Within conventional small group laboratory situations it is commonly observed that much of the students' collaborative activity is concerned with dividing up duties----deter- mining who will interpret the manual, who will set up the apparatus, conduct measure- ments, record and analyse results, etc. In most of the situations observed in the present study the majority of group interactions were not of this kind. Students were observed to spend a great deal of time explaining and arguing amongst themselves, and ultimately reaching agreement before proceeding jointly to the next stage. In some experiments almost half of the three hour session was spent in discussion and consensus seeking processes. However, in one experiment most student groups did show a conventional division of labour, with little time spent on group decision-making at the different stages of experimentation.

    It was also observed that although different groups varied in the amount of time spent and level of group involvement in decision-making procedures for comparable experiments, the major source of variability arose from the differing demands of the different experiments. Quantification of the differing impact of the various experiments in the programme is presented in the discussion of results from the questionnaire.

    In a minority of instances a student was observed to take no part in any major decisions. A more common observation was that a dominant student in a group would take most of the initiatives in suggesting methodologies or procedural steps. Although this was observed in almost one-third of instances, it was rare for the dominant student not to be challenged or called upon to explain by at least one other student.

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  • Collaborative Peer Learning in the Laboratory 111

    These observations were suppor ted by quest ionnaire data collected during 1980 f rom students ' fortnightly reports on their own laboratory activities in their group.

    TABLE I. Student responses to the question: 'To what extent did you personally contribute to the following activities in your group?' (IV= 413)

    Activity Response category*

    'Not applicable--

    'I contributed 'I contributed 'No no discussion a great deal' a little' contribution' on this"

    N 1 Deciding a basic approach

    for the laboratory exercise 125 2 Discussion of what theory or

    sets of equations to apply 92 3 Deciding what procedures or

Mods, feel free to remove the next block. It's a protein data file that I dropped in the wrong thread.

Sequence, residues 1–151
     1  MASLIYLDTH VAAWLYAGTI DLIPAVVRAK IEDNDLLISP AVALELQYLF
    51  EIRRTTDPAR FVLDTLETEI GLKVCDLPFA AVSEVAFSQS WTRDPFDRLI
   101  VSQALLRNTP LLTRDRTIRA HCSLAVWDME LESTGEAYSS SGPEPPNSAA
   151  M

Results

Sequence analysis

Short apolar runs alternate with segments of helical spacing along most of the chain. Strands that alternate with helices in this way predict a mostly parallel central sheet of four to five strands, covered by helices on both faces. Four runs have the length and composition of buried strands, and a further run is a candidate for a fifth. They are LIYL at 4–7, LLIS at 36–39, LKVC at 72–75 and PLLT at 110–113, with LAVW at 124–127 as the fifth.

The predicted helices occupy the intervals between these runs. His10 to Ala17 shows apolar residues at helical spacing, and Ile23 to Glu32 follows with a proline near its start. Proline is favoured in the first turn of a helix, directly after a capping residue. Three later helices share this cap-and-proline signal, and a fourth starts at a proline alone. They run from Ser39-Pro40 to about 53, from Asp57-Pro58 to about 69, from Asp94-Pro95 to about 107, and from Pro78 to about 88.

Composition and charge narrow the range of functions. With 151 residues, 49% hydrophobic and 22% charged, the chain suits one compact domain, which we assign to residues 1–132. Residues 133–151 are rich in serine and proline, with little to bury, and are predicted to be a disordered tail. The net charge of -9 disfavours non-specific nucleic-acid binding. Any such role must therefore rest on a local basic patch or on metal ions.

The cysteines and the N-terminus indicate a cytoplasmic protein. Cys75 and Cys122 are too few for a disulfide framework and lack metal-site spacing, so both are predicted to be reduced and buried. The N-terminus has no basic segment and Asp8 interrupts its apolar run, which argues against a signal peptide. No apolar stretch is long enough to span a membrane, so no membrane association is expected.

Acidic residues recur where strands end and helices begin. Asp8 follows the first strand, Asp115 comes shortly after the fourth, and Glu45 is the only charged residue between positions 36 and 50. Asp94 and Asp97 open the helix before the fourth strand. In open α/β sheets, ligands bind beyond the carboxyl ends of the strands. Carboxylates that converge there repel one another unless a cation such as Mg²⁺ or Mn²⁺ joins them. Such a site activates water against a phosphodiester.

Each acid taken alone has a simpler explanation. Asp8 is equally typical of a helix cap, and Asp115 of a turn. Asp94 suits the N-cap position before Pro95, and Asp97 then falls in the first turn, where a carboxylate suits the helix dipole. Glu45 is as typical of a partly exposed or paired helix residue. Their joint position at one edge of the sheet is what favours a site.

measurements to take 134 4 Deciding when to terminate

    measurements/procedures 116 5 Working together on calculations

    and interpretations of experimental data 123

    6 Discussion of the meaning and validity of results 129

    7 Working together on actually writing the report 89

    % N % N % N %

    (30) 216 (52) 16 (4) 51 (12)

    (22) 159 (39) 28 (7) 128 (31)

    (32) 212 (51) 11 (3) 51 (12)

    (28) 181 (44) 27 (7) 83 (20)

    (30) 159 (39) 30 (7) 93 (23)

    (31) 185 (45) 18 (4) 74 (t8)

    (22) 118 (29) 33 (8) 166 (40)

    * Non-responses are not included in the table. Between 1 and 2% of returned questionnaires did not have responses to the separate items in this question.

    Table I sets out students ' quest ionnaire responses concerning the extent to which they personal ly contr ibuted to various group activities. These 'self-reports ' were anonymous , and were filled out at the conclusion o f each experiment. F r o m inspection o f Table I it can be seen that for all the activities listed the overwhelming major i ty o f students claimed that they had part icipated to some extent in the specified activities. Since this table combines the reports obta ined f rom all eight experiments and since not all experiments required decis ion-making in every area, a substantial p ropor t ion o f respon- dents have indicated that the g roup was not required to make a decision in some areas. Where discussion and other activities were conducted by the group, between 3 and 8% o f students indicated that they had made no contribution. These anonymous 'self-reports ' were broadly consistent with our own observations o f groups at work, and suggest that in areas o f discussion and subsequent decis ion-making almost all g roup members took some part.

    (ii) Areas of Discussion and Decision-making

    Observations o f student groups indicated enormous differences in the level o f engage- ment required to make decisions. In some instances there was s imply a 'nodding agreement ' to take, for example, a part icular measurement ; in other instances protracted a rgument and detailed explanat ion wotdd ensue on such matters as deciding between compet ing methodologies or interpretations. In the light o f these observations, simple compar isons o f the relative f requency o f g roup decis ion-making in different areas m a y

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  • 112 Studies in Higher Education Vol. 7 No. 2 1982

    not reveal the extent to which different aspects o f the exper imentat ion process were often problematic, requit ing extended discussion and thought.